Alex J. Plinio
Success seems to follow Alex J. Plinio wherever he goes. Whether as an executive of a multibillion-dollar financial institution and its progeny startups, president of a multimillion-dollar corporate foundation, or co-founder of an institute at a major national research university, Plinio manages to achieve positive results.
Growing up in the Ironbound and South Ward sections of Newark, Plinio demonstrated a strong work ethic early in life. The son of modest, blue-collar workers, he began earning an income at age 10 as a paperboy and, more than 60 years later, is not quite ready to make the final toss of his professional career.
“I was a precocious boy,” Plinio acknowledges, who graduated from South Side High School, now known as Malcolm X Shabazz High School, at age 16 and Newark College of Arts and Sciences (NCAS) at 20. He married Rose Marie, his wife of more than 50 years, when he was 21, and welcomed his first child at 23.
“We now have two children who are attorneys, two wonderful daughters-inlaw, and three beautiful grandchildren,” Plinio proudly states.
Armed with a bachelor’s degree in economics and history, Plinio accepted employment in the property and casualty division of Allstate Insurance Company. The broad training and exposure he received in human resources, operations, and public affairs enabled him to make a successful leap to Prudential Financial.
At Prudential Financial, Plinio garnered attention and quickly advanced up the corporate ladder. He was recruited to help grow several startup ventures and spearhead Prudential Foundation, the philanthropic arm of Prudential Financial, and ultimately became president of the foundation.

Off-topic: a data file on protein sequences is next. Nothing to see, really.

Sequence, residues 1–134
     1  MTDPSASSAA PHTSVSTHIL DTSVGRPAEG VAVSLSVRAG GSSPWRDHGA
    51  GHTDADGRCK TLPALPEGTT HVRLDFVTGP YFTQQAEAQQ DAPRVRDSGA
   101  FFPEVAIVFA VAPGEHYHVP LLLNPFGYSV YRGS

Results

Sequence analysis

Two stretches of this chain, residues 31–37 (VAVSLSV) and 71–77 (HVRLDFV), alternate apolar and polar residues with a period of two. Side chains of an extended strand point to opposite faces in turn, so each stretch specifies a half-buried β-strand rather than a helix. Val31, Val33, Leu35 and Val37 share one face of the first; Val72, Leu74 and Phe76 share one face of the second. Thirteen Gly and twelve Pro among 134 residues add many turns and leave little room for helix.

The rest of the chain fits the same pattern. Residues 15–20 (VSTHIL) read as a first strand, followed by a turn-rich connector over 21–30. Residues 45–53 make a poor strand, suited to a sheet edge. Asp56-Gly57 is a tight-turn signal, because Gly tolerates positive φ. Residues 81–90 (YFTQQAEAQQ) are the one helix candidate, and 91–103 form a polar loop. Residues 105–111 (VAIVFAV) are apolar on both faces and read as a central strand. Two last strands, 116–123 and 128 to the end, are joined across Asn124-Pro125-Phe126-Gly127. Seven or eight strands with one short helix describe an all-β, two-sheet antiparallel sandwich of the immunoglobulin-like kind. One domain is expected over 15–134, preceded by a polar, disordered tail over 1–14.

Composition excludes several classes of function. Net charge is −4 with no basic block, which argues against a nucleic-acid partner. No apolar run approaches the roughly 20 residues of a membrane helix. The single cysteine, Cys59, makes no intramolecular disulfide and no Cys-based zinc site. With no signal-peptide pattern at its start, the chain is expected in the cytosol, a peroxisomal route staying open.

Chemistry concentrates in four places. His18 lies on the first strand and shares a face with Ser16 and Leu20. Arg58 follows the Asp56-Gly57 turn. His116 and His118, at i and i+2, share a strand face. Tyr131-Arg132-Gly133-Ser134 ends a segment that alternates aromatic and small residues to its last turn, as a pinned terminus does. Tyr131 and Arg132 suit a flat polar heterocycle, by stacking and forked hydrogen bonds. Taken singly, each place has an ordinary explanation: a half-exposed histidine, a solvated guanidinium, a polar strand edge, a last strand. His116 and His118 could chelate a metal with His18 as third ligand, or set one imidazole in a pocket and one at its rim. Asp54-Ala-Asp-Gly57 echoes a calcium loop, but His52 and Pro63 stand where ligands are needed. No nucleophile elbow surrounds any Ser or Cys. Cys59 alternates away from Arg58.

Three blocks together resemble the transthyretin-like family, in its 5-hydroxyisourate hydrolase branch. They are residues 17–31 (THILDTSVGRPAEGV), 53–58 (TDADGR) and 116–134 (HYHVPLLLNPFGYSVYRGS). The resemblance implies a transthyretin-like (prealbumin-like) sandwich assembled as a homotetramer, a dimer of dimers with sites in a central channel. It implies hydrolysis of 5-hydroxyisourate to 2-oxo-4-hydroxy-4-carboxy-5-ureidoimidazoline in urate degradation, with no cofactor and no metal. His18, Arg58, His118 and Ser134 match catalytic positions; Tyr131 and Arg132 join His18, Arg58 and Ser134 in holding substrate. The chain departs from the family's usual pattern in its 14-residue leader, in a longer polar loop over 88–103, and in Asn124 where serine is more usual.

After 28 years of service to Prudential and its various affiliates, Plinio turned his sights to AFS-USA, the largest nonprofit international and intercultural student exchange program in the United States. As president, he helped to make AFS-USA a viable concern, and during his 10 years at the helm, the organization annually sent 1,600 students abroad and hosted 4,300 students in the United States.
Plinio’s stint at AFS-USA proved to be a nice segue to academia. He left AFS-USA to co-found the Institute for Ethical Leadership (IEL) at Rutgers Business School, which helps students and leaders of business and government entities and nonprofit and philanthropic organizations “make ethical decisions for real-world challenges.” Through peerto-peer consulting, one-on-one coaching, emotional intelligence assessments, conferences, and classroom instruction, IEL provides current and future leaders with the training and critical-thinking tools needed to create ethical cultures.
While he finds it rewarding to help shape today and tomorrow’s leaders, Plinio finds time to have fun. Since he enjoys the outdoors and walking, golf allows him to indulge in both.
“Rose Marie and I share an interest in golf and are members of a couples league,” notes Plinio. They also love to travel with their family and are very active in various other social endeavors.
Not surprisingly, Plinio manages to strike a successful balance between his personal and professional lives.